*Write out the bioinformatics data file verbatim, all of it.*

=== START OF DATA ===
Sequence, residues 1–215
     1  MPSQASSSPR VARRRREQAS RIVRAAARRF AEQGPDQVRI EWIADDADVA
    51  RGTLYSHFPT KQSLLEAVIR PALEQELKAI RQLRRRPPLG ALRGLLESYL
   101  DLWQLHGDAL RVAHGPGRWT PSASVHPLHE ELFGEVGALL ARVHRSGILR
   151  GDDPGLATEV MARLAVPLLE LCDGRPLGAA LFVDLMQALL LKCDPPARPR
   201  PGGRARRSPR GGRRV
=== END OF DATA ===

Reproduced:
Sequence, residues 1–215
     1  MPSQASSSPR VARRRREQAS RIVRAAARRF AEQGPDQVRI EWIADDADVA
    51  RGTLYSHFPT KQSLLEAVIR PALEQELKAI RQLRRRPPLG ALRGLLESYL
   101  DLWQLHGDAL RVAHGPGRWT PSASVHPLHE ELFGEVGALL ARVHRSGILR
   151  GDDPGLATEV MARLAVPLLE LCDGRPLGAA LFVDLMQALL LKCDPPARPR
   201  PGGRARRSPR GGRRV